WHAT IS A CSA?
Community Supported Agriculture, or CSA for short, is a mutual commitment between farmer and CSA member. We, the farmers, commit to providing fresh high-quality produce to our members. Each year is different and each crop grows differently every year. As an example, some years you may get enough tomatoes to can, while other years the tomatoes may get early blight and you might only get a handful before the disease kills off the plants. In our seeding schedules we grow many different types of vegetables and varieties within those types to limit the possibility of crop failure.
CSA members pay up front and enjoy the abundance of the harvest for 22 weeks. We offer a Full Share and a Half Share.
We've found that a full share is typically good for a family of 4 or for 2 people if they eat more vegetables than the typical person, or if they want to preserve some of the harvest by canning or freezing. Our half shares pick up every other week so they get a full share every other week. Since we grow and pick all of the produce on or just before pick up day, the produce is a fresh as possible and should last for those two weeks. Half shares also choose if they'd like to start their CSA the first or second week of June, and then continue picking up their share every other week until the end of October.
Pick up times and Locations:
On Farm pick up in Belding on Tuesdays from 4:30pm-6:30pm.
Rockford Pickup on Tuesdays from 4:30pm-6:30pm.
At Jamie’s parents' place in Lowell on Tuesdays from 4:30pm-6:30pm.
Fulton St. Farmers Market in Grand Rapids on Wednesdays from 4:30pm-6:30pm.
We ask that members pay a deposit of $100 before the season begins to secure their spot. This deposit money helps us farmers to buy seeds, potting soil, and other things until we have produce to sell. We ask that the remainder of the cost is paid by the first pickup, but if this isn't possible we are able to work with members.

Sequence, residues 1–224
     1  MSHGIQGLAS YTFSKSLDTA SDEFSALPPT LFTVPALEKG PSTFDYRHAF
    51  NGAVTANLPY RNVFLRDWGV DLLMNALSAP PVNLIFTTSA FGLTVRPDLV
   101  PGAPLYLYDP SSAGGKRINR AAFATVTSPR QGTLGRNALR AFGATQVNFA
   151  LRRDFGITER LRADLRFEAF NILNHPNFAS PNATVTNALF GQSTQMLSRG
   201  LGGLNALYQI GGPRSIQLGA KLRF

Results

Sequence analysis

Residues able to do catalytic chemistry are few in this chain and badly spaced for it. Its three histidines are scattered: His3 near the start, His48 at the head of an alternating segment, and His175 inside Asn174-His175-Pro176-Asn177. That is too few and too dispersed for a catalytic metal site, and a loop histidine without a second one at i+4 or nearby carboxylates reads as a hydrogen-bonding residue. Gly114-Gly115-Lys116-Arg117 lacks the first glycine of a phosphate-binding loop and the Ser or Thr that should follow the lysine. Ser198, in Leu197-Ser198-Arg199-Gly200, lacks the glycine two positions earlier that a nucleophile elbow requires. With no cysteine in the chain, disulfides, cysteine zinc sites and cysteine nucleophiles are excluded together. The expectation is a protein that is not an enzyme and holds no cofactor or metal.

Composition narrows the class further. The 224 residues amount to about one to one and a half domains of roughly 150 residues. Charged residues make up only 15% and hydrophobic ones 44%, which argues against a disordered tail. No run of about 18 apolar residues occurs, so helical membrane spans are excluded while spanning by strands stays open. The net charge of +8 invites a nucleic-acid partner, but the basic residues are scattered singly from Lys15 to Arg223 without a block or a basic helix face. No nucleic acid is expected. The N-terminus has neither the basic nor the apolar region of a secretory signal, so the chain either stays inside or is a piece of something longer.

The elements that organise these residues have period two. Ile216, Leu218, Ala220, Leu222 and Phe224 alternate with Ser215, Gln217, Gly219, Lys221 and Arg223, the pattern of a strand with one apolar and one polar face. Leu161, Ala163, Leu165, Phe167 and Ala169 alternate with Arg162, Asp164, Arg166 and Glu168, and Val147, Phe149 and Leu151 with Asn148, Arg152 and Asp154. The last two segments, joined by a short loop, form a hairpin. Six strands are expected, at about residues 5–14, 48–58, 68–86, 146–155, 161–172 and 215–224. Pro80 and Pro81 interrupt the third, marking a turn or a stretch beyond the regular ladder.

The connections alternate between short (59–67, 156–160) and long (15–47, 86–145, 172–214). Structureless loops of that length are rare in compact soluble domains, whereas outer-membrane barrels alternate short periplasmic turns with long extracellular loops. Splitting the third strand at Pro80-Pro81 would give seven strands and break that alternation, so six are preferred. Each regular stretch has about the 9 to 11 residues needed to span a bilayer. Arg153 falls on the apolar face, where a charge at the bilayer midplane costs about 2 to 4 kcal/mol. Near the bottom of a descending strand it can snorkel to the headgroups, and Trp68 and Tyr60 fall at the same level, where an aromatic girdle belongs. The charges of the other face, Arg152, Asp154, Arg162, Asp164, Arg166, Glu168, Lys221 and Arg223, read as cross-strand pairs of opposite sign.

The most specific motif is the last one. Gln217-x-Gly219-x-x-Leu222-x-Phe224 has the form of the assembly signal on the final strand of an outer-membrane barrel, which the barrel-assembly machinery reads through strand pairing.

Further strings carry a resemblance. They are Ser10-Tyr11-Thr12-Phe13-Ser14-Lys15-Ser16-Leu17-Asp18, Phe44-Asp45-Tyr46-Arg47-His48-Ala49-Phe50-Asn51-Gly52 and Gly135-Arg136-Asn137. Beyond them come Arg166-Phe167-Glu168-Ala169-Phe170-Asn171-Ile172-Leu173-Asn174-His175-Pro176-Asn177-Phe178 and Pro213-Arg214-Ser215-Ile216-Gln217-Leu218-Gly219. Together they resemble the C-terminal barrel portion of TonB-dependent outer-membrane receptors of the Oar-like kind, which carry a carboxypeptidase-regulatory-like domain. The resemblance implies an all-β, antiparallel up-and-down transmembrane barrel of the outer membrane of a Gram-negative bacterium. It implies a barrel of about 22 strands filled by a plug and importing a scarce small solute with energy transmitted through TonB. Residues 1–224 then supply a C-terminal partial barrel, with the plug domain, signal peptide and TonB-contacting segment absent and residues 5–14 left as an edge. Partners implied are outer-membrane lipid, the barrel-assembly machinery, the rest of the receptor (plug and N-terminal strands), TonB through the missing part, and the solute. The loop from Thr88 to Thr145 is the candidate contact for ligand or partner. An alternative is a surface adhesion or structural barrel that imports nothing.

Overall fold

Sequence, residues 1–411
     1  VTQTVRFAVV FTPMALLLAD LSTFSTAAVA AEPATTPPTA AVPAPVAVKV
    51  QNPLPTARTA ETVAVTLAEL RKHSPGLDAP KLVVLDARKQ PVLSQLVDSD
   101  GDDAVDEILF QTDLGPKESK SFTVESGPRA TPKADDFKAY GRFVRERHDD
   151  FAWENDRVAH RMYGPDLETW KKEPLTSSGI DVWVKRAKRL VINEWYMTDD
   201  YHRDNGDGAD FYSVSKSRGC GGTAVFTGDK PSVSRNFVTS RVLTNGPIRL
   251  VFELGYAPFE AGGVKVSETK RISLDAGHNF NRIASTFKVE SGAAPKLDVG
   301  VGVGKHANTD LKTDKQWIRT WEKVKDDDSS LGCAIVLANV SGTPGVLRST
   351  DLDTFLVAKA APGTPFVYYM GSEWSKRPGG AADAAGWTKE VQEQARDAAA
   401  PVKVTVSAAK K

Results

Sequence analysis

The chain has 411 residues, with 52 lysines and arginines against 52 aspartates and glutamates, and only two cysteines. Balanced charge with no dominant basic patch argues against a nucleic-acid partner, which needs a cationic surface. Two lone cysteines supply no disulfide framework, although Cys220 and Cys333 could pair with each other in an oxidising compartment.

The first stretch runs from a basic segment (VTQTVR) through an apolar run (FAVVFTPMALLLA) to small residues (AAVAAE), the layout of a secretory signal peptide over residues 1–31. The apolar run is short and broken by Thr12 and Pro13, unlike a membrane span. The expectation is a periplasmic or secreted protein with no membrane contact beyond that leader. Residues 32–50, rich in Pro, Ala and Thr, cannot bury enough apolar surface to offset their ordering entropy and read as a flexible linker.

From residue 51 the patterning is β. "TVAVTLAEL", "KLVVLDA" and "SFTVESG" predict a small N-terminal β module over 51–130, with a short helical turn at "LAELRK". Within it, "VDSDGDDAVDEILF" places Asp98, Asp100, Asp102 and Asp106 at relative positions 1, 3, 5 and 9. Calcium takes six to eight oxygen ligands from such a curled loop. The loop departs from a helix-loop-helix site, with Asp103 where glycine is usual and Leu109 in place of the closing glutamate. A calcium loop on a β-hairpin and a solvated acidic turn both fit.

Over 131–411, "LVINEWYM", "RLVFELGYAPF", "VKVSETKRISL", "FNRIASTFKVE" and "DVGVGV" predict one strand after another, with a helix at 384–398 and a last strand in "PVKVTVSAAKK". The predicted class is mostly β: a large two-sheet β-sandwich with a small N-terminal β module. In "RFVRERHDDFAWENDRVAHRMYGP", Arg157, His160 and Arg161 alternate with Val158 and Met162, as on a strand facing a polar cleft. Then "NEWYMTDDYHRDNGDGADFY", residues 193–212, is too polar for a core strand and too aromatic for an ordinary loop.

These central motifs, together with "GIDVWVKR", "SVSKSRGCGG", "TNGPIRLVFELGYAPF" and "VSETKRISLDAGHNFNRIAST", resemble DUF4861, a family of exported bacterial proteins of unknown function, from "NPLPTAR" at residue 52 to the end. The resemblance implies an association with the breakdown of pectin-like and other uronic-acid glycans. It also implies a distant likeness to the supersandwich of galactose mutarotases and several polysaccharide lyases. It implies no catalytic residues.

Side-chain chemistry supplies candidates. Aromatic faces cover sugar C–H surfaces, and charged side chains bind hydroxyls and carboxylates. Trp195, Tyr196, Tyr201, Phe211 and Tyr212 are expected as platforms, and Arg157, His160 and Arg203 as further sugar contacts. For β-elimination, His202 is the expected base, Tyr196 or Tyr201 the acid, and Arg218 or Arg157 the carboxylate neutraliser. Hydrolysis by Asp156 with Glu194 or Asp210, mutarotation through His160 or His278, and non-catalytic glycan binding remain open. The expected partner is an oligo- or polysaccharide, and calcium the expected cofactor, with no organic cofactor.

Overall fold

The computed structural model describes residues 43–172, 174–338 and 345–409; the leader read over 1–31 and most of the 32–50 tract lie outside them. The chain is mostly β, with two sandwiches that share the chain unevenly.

Each week the share is filled with at least $25 worth of produce. In the spring it is closer to $25 and in the summer and fall the value tends to rise upwards of $35 or more. The spring is heavier on greens and then in later July-September the variety continues to expand and the share load is heavier. It isn't until the killing frost that our variety lessens again which is usually mid-October.
CSAs are known for throwing in some veggies that people aren't as familiar with such as kohlrabi, eggplant, celeriac, and bok choy. We email a weekly newsletter with recipes or links to recipes which can help guide members when a strange veggie is in the CSA share. Part of the fun of having a CSA share is learning to cook with different vegetables and experimenting! We know this takes time and effort, but what good thing doesn’t? Here are some examples from our 2016 season:
June: 2 lettuce, radish bunch, broccoli, a bunch of kale or chard, spinach, pint of strawberries, parsley or cilantro garlic scapes, mixed salad greens.
July: 2 summer squash, red long of tropea onions, bunch of basil, broccoli or cabbage, carrots or beets, mixed salad greens, a bunch of kale or chard, scallions, easter egg radishes, mixed salad greens, cucumbers (not pictured).
August: sweet corn, 2 eggplant, watermelon, a mix of tomatoes, lettuce, garlic, sweet onions, summer squash, beets, basil, radishes, kale or chard, red and orange sweet peppers.
September: Spaghetti squash, cilantro, radishes, garlic, potatoes, leeks, kale or chard, hot peppers, summer squash, broccoli, lettuce.
October: kabocha winter squash, red onion, garlic, brussels sprouts, sweet potatoes, napa cabbage, spinach, hakurei turnips, celeriac, cauliflower, yellow onions.
In 2016 we received a grant from the National Resource Conservation Service to build a high tunnel to help us extend the growing season. In late fall we put it up and we hope to be able to offer favorite summer crops such as tomatoes and cucumbers earlier in the season as well as adding a Winter CSA in 2017!